We explored the mechanism behind the antitumour immune activity of vvDD-IL-2-RG in the profoundly immunosuppressive advanced tumour model. We investigated the immune cell profile in the tumour microenvironment and spleens using the late-stage tumour model. The percentages of activated CD4+Foxp3 and CD8+IFN-γ+ T cells from tumours receiving vvDD-IL-2-RG treatment were increased, compared to those treated with other viruses (Fig. 3a, b). The results also showed that the percentage of total CD8+ cells increased and the more severely exhausted PD1+CTLA-4+CD8+, PD1+Tim-3+CD8+, PD1+TIGIT+CD8+, and PD1+LAG-3+CD8+ T cells in the tumour infiltrating CD8+ T-cell population decreased after vvDD-IL-2-RG treatment (Fig. 3c–f and Supplementary Fig. 11a). We examined memory CD8+CD44hi T cells and CD3NK1.1+ cells28, and the percentages of these cells from the tumour and spleen post vvDD-IL-2-RG treatment were increased compared to those treated with other viruses (Fig. 3g and Supplementary Fig. 11b–d). We also examined Tregs and found that the absolute number and percentage of CD4+Foxp3+ T cells in tumours were increased (Fig. 3h and Supplemental Fig. 11e), but the CD8+/Treg ratio was significantly higher after treatment with vvDD-IL-2-RG compared to other virus treatment (Fig. 3i). Next, we examined the expression of anti- and pro-tumoural immune factors in the late-stage tumour microenvironment post-virus treatment. The data showed that there were significantly more IFN-γ, Granzyme B, perforin, Th1-type chemokine CXCL9, and less TGF-β and angiogenesis markers (CD105 and VEGF) in tumours receiving vvDD-IL-2-RG treatment, compared with other virus treatments (Fig. 3j–p). We further depleted IFN-γ, CD4+, and CD8+ T cells by antibodies post vvDD-IL-2-RG treatment and the antitumour effect elicited by vvDD-IL-2-RG treatment was IFN-γ and CD8+ T-cell dependent, but not CD4+ T-cell dependent (Fig. 3q, r). To investigate the role of NK cells in vvDD-IL-2-RG treatment, we depleted NK1.1+ cells by antibody before, simultaneously, or after vvDD-IL-2-RG treatment. Regardless of the timing of NK cell depletion, it did not impair the therapy. On the contrary, depletion of NK1.1+ cells after vvDD-IL-2-RG treatment led to a slight survival benefit, compared with vvDD-IL-2-RG treatment alone, suggesting that NK cells might impede virotherapy via its natural cytotoxicity receptor NKP4629, which was significantly increased by vvDD-IL-2-RG treatment (Supplementary Fig. 12), and NK cell depletion might remove this impediment (Fig. 3s, t). Collectively, these data demonstrated that vvDD-IL-2-RG treatment tipped the cancer-immune set point in tumour-bearing mice from immune-suppressive to immune-favourable, which led to a better survival outcome after vvDD-IL-2-RG treatment.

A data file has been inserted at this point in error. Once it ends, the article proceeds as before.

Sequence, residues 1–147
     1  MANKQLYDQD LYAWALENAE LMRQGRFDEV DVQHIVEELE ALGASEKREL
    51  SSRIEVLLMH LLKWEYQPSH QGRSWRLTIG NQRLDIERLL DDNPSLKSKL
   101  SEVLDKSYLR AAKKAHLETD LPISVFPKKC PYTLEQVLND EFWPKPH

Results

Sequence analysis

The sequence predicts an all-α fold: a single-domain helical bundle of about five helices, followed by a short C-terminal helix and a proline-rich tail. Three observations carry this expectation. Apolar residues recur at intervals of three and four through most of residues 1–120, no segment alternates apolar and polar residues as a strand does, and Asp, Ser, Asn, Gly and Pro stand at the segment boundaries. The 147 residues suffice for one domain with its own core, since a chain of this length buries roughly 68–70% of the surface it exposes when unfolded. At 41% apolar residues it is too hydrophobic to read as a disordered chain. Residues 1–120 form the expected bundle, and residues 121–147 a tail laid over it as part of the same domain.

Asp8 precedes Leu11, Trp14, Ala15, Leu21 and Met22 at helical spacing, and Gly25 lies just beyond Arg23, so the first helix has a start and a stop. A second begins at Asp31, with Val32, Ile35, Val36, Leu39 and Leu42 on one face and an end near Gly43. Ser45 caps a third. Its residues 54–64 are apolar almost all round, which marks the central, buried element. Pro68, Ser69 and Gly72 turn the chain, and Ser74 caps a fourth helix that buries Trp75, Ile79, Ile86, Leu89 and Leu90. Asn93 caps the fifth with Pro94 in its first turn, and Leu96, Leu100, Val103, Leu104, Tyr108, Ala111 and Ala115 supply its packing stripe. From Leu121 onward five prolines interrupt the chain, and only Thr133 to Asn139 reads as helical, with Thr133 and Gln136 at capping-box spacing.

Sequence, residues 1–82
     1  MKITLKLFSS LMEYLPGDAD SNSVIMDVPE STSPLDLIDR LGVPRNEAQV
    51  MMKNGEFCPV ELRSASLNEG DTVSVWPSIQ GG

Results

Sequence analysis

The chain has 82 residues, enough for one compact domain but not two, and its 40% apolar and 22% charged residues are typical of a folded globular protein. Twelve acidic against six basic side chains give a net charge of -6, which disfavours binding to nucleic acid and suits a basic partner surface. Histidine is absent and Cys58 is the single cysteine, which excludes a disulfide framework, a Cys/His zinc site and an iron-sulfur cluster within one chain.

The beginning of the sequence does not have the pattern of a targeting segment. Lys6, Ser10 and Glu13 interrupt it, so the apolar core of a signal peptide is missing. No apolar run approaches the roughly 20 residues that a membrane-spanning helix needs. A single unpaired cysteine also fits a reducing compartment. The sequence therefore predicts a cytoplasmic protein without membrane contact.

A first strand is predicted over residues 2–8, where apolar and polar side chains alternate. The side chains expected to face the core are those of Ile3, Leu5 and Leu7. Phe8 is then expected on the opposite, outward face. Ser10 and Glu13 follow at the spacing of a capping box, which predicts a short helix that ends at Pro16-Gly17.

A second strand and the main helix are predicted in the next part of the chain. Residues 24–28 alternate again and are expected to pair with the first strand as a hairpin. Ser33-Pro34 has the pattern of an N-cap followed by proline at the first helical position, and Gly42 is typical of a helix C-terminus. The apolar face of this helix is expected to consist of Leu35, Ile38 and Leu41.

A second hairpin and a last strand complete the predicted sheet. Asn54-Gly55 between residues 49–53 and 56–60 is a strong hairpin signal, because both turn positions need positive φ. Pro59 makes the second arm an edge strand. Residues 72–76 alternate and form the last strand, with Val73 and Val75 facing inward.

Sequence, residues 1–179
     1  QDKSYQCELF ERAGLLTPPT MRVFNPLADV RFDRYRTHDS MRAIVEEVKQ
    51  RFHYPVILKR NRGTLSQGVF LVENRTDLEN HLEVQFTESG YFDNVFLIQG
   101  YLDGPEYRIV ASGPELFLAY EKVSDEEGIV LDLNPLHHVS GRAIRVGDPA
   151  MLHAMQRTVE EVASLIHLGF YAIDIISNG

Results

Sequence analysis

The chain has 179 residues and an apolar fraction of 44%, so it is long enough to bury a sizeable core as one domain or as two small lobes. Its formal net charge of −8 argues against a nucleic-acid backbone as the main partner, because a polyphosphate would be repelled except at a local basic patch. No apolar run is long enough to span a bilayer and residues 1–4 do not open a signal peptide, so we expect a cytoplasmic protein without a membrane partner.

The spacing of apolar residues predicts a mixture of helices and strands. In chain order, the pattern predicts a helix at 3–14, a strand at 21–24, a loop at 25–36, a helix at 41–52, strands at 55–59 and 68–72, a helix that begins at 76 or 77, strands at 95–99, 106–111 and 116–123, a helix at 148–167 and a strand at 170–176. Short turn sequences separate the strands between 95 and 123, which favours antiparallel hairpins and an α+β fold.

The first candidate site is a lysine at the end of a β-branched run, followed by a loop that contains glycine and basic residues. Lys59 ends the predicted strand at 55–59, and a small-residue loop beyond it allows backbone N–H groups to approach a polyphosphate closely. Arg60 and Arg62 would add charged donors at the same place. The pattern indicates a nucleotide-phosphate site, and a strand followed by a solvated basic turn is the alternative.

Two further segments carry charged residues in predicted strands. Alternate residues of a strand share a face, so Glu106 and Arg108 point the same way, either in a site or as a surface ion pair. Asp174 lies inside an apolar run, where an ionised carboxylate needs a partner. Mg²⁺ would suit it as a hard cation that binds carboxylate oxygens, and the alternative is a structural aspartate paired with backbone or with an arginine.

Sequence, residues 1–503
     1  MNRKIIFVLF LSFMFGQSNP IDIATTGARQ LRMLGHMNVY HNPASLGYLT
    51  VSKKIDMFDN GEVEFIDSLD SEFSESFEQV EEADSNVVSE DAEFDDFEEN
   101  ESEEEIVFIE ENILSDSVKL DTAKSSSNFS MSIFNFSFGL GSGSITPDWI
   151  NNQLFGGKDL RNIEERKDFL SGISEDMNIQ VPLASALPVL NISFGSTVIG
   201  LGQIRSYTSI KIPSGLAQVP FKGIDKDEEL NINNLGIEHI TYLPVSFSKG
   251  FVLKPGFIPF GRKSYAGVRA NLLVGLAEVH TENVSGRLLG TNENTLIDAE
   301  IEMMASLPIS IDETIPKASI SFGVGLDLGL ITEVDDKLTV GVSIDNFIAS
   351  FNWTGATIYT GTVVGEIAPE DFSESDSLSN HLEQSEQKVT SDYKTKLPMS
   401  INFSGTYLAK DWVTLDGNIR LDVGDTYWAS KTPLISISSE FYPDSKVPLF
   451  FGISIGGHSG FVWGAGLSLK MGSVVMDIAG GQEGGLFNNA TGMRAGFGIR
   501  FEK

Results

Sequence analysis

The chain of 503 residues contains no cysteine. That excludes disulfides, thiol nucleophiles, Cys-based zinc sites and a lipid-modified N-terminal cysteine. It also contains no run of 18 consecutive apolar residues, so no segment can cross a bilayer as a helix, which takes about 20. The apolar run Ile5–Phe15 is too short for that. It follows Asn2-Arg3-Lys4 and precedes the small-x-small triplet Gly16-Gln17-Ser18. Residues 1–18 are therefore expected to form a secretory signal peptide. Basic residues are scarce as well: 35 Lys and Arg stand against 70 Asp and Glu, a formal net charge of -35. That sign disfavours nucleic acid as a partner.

Fig. 3
figure3

Immune status change in the tumour microenvironment post-virus treatments. B6 mice were inoculated i.p. with 5 × 105 MC38-luc cells and treated with PBS, vvDD, vvDD-IL-2-FG, or vvDD-IL-2-RG at 2 × 108PFU per mouse 9 days post-tumour inoculation. Tumour-bearing mice were sacrificed 5 days post-treatment and primary tumours were collected and analysed by flow cytometry to determine CD4+Foxp3- (a) and CD8+IFN-γ+ T cells (b), exhausted CD8+ T cell (c–f), memory-phenotype T cells (CD8+CD44hi) (g), regulatory T cells (CD4+Foxp3+) (h), CD8/Treg (i), or by RT-qPCR to determine IFN-γ, granzyme B, perforin, CXCL9, TGF-β, CD105, and VEGF (j–p). Four to five mice were used for each treatment group and data are representative of two independent experiments (ai) or combined from three independent experiments (j–m) or two independent experiments (n–p). In a separate experiment, B6 mice were i.p. inoculated with 5 × 105 MC38-luc cells and treated with vvDD-IL-2-RG or PBS 9 days post-tumour inoculation. Anti-CD8 Ab (250 µg per injection), anti-CD4 Ab (150 µg per injection), anti-IFN-γ Ab (200 µg per injection) (nine mice per group) (q), or PK136 (300 µg per injection) (s), were i.p. injected into mice to deplete CD8+ T cells, CD4+ T cells or neutralise circulating IFN-γ, or NK1.1+ cells, and a log-rank (Mantel-Cox) test was used to compare survival rates (r, t), respectively. *P<0.05; **P<0.01; ***P<0.001; and ****P<0.0001. ns: not significant